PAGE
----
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Discussion Starter · #1 ·
Hey, folks.

I am in the planning stages of gutting and rebuilding my kitchen and want to get everything compliant with the current codes. I'm wondering, can the two small-appliance circuits be a multiwire branch? Will the GFCI receptacles function properly (or at all) with the shared neutral?

Sorry if this has come up before. I've searched here and the NEC (2008 in Georgia), but haven't been able to find a definite answer.
 

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harry_ho, can you possibly upload a preliminary plan on what loads you are looking at, and floorplan with placement of possible outlet locations, along with current floorplan of the before as it is now? Also, have you made sure that your current panel has enough slots available if you need to add circuits, to bring the Kitchen & dining areas up to current codes.

Keep in mind, that the sabc can be one on the counters, and one for baseboard that serves both kitchen & dining. For example, in my Kitchen, I have one sabc for the right side of the counter next to the sink, a sabc for the left side of the sink to serve a countertop microwave & portable dishwasher. A sabc to serve the other side of the Kitchen for the outlet, for the counter to the left of the stove, the outlet to serve the stove for 120vac (gas), and the outlet for the couter to the right of the stove. Then of course, the sabc to serve the disposal, and the sabc to serve the baseboards for both the Kitchen & dining areas.
 

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Discussion Starter · #4 ·
Yes, if you pigtail the neutral at the first outlet and keep line and load connections correct.
So, supposing I terminate one ungrounded conductor (let's say the black one) on the first GFCI's line terminal, should I then continue with 12-3 romex to the second circuit's GFCI line side, terminate the other hot wire (the red one) there, and cap the black wire inside the first box? Or would it be better to jump to the second circuit with some 12-2 and splice its black wire with the red inside the first box?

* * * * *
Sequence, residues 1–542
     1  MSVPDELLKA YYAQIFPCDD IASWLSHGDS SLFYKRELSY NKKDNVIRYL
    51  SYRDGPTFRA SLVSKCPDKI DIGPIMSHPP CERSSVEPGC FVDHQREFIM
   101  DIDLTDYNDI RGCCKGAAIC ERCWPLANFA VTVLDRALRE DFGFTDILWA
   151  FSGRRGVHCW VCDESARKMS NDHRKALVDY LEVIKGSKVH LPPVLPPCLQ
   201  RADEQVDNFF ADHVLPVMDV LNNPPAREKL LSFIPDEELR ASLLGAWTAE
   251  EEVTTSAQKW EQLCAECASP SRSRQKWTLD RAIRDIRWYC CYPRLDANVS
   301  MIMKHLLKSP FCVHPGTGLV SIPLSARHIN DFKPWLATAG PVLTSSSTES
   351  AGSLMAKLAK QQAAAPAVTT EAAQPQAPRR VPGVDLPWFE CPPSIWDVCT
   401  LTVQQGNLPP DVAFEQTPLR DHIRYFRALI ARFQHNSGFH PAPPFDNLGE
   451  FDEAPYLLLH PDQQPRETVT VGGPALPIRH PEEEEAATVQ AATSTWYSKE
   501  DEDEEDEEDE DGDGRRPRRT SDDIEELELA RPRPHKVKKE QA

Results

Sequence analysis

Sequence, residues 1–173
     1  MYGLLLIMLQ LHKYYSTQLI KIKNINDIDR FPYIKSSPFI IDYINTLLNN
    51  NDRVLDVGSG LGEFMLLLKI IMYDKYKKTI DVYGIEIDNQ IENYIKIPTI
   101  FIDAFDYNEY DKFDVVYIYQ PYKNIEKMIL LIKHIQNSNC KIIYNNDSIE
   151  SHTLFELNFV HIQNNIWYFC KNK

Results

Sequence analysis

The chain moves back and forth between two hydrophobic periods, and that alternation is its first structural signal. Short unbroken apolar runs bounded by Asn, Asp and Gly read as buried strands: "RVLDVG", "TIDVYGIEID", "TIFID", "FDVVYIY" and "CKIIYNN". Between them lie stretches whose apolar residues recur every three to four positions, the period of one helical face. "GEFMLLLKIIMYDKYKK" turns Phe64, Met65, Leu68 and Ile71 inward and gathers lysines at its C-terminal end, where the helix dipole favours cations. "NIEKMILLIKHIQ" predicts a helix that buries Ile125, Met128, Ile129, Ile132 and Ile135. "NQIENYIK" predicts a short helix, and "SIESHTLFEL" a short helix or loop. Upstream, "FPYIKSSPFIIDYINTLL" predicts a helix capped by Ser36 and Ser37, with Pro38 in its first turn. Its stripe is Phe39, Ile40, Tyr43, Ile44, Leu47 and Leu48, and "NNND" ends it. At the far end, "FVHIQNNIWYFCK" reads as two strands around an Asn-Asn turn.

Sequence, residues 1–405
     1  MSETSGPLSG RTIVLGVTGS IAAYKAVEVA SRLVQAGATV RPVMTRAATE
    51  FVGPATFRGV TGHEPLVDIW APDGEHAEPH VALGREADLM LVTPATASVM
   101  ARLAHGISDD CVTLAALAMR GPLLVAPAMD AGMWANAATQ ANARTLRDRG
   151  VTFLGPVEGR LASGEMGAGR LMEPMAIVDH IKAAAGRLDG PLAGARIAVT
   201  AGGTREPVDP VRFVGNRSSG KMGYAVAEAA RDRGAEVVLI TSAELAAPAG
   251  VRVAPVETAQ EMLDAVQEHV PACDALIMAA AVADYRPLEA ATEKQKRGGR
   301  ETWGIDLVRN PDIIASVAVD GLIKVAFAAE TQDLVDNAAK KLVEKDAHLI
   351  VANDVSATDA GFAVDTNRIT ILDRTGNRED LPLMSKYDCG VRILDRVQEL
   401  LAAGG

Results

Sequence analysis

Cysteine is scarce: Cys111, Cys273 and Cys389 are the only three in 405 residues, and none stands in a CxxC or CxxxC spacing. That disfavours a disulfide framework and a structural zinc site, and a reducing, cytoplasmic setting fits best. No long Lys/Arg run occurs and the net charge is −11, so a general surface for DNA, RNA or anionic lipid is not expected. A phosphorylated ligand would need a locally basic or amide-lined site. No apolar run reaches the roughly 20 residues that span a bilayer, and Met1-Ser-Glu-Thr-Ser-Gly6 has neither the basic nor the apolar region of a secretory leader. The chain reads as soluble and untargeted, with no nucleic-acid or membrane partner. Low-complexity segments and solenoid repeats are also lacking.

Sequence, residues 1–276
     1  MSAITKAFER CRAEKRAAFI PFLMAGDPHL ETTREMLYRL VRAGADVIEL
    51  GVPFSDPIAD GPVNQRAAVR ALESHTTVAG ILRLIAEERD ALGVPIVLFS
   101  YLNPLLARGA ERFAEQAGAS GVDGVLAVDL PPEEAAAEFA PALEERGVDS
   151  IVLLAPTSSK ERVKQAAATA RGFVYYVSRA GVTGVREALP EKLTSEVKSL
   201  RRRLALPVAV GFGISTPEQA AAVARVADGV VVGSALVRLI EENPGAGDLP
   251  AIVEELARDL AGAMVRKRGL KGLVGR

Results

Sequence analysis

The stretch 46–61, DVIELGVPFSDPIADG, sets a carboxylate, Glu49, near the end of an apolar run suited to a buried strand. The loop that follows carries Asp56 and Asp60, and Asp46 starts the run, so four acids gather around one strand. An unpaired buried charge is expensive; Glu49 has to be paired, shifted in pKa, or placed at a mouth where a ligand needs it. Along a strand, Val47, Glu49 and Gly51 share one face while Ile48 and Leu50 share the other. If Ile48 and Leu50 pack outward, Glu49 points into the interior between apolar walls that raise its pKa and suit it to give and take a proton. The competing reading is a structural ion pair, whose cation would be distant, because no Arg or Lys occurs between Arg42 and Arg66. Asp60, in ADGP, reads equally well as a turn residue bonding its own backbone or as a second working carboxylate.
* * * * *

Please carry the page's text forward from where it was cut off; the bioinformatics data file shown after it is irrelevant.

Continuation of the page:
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Discussion Starter · #6 ·
harry_ho, can you possibly upload a preliminary plan on what loads you are looking at, and floorplan with placement of possible outlet locations, along with current floorplan of the before as it is now? Also, have you made sure that your current panel has enough slots available if you need to add circuits, to bring the Kitchen & dining areas up to current codes.
Currently, the kitchen is about 12' by 12', but I'm going to rip everything out down to bare studs. Probably, it'll end up being around 12' by 8' in a horseshoe configuration. There are no cabinets along one of the 12' walls now, so I think the kitchen can be condensed and shrunken quite a bit. I'm having some local cabinet guys come in next week to help me decide on the layout and make some drawings. If it ends up being anything at all like what's in my head, there will be about seven countertop receptacles and no base receptacles. I had planned on single-appliance circuits for the dishwasher, disposal, fridge, and microwave/vent hood combo. And the range, of course. The dining room (attached to kitchen, not seperate) will most likely only be large enough to accomodate a six-foot long table, so I'm thinking it will need only a receptacle on each wall to satisfy the spacing rule.

And yes, I have about twenty spaces available in my panel. I replaced the original (crammed) panel before even moving into this place.

I can upload the layout when I get it from the cabinet makers, if you'd like. I'm sure I'll need some more advice on this.

Thanks a ton, guys.
 

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Discussion Starter · #7 ·
harry_ho, I would say that in my opinion, that it depends on how your local looks at it. Really need a floor plan to show what you are trying to do.
The residential inspectors in my county are complete morons. They do those all-in-one framing, plumbing, electrical, roofing inspections. No specialized inspectors here. That's why I wanted to ask around on here. The AHJ's a joke.
 

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The residential inspectors in my county are complete morons. They do those all-in-one framing, plumbing, electrical, roofing inspections. No specialized inspectors here. That's why I wanted to ask around on here. The AHJ's a joke.
So are mine. That is why when I was dating my wife back when she bought this place, she sought what my opinion was. The first thing that I did after she closed on it, was start to rip the four main circuits into sub circuits to bring it more into today's codes.

Our local says that as long as you do not cause problems with your neighbors on the shared transformer, they really do not care.
 

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Discussion Starter · #9 ·
Okay, I made a quick and dirty sketch of the new kitchen layout with appliances and receptacles marked. Of course, nothing is to scale, distances are approximate, etc.

Floor plan Line Diagram Plan Artwork
 

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I would not call that area on the left a dining area. If it was, I would have to invoke 210.12 and require AFCI for the 2 wall receptacles. I do not want to do that. Just put a table there after I am gone.:whistling2: